... a less rough and dangerous game ...

Bath Chronicle and Weekly Gazette 19.10.71

John Charles Thring was instrumental in developing two sets of rules during the pre-history of football.
 The Cambridge Rules of 1848 were an attempt at a compromise / unified code based on the games played at Eton, Harrow, Rugby, Winchester, and Thring's old school, Shrewsbury.
In 1862 Thring was a master at Uppingham School when he developed 'The Simplest Game' (also known as  'The Uppingham Rules').
These rules had some influence on the Football Association when they began formulating the Laws of the Game in 1863.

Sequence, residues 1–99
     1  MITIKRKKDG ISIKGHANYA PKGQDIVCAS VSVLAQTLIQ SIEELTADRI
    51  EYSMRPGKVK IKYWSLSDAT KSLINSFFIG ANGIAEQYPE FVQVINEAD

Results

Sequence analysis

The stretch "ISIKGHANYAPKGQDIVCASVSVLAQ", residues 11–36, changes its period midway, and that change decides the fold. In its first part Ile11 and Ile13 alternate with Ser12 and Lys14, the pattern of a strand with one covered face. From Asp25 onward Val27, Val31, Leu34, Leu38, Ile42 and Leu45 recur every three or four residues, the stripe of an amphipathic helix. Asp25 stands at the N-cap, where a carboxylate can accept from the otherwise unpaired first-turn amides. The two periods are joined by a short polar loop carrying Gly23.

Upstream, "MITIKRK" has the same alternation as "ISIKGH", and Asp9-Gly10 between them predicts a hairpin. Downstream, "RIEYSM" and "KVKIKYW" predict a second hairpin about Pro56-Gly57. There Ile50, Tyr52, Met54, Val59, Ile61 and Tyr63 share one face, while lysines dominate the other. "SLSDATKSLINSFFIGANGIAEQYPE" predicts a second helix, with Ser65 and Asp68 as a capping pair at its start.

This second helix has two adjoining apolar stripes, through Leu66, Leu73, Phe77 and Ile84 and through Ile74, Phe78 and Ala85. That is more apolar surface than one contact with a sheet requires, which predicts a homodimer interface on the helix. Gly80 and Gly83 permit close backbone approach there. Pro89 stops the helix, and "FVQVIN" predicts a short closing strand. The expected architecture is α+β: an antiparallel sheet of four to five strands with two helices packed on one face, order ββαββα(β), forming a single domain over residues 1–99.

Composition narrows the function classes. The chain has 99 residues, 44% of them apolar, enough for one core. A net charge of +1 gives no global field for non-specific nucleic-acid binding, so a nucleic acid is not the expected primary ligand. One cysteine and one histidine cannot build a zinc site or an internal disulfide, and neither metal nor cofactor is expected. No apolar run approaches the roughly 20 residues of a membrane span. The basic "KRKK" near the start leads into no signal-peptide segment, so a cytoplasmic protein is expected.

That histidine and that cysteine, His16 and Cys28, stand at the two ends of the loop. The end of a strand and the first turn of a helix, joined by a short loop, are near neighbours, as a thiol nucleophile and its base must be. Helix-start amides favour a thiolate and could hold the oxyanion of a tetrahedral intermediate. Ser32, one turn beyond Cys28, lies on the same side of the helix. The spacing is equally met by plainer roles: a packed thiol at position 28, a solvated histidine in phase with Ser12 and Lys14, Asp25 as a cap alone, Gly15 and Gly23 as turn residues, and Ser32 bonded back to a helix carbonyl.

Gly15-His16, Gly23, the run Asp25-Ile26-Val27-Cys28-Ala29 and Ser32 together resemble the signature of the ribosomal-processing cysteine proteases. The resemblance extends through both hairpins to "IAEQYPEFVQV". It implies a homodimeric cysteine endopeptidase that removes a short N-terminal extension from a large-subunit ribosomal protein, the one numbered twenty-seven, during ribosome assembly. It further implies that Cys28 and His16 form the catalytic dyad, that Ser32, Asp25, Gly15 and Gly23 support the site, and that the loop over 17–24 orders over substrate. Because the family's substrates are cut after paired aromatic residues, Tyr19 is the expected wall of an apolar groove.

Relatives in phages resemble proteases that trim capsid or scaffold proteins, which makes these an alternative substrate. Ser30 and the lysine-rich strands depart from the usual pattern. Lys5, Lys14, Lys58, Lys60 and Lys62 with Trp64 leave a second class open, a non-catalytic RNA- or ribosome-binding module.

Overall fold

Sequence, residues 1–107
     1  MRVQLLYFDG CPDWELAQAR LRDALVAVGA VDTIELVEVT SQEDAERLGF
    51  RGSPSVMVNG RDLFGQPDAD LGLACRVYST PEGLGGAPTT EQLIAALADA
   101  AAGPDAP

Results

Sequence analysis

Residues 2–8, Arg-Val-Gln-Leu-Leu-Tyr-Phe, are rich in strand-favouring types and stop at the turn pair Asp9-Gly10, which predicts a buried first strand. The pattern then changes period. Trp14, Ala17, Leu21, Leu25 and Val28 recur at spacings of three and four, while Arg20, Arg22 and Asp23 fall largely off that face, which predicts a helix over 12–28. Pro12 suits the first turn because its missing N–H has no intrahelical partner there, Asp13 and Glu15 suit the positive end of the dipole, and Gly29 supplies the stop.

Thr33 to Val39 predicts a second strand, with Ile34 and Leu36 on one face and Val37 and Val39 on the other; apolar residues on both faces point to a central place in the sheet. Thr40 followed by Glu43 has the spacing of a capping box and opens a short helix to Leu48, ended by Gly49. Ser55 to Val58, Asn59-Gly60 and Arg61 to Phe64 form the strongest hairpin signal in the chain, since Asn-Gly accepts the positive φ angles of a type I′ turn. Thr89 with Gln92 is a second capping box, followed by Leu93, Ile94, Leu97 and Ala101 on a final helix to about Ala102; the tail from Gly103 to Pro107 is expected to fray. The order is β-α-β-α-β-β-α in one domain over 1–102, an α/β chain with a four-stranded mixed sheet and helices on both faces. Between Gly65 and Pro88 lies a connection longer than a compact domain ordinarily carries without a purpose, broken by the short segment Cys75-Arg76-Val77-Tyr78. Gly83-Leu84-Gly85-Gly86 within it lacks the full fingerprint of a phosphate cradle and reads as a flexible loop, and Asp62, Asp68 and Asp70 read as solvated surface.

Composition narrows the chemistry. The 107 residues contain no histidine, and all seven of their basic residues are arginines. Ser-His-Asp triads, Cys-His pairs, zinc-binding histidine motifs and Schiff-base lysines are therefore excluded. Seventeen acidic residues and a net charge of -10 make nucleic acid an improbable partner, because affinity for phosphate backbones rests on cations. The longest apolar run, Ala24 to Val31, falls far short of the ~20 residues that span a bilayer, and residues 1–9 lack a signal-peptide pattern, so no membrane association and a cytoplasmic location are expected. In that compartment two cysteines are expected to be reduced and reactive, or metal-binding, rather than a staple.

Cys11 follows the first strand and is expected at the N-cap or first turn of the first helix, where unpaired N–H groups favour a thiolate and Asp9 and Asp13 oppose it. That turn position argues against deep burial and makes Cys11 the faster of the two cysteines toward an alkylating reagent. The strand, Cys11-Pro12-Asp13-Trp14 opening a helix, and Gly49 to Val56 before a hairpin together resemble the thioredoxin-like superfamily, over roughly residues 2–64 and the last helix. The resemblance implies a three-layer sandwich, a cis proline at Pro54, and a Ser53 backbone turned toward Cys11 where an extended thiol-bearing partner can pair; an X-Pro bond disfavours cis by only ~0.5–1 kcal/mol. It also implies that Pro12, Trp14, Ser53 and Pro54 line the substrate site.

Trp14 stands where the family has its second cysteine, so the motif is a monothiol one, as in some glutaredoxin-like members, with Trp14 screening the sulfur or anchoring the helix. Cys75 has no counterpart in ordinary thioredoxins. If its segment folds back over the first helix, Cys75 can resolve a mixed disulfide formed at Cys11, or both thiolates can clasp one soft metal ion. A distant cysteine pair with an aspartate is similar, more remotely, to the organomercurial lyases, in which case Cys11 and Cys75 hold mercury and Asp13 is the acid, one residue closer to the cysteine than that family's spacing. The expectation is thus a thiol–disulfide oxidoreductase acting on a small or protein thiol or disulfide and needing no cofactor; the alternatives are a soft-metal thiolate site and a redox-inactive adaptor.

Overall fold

Of course, whilst giving us the greatest and most popular game in the world, the Football Association ultimately failed in their goal of unifying football.
Debates as to the relative merits, safety and propriety of football and Rugby feature widely in newspaper correspondence in the 19th century.
Thring's appeal here went unheeded, and the west of England became something of a Rugby stronghold.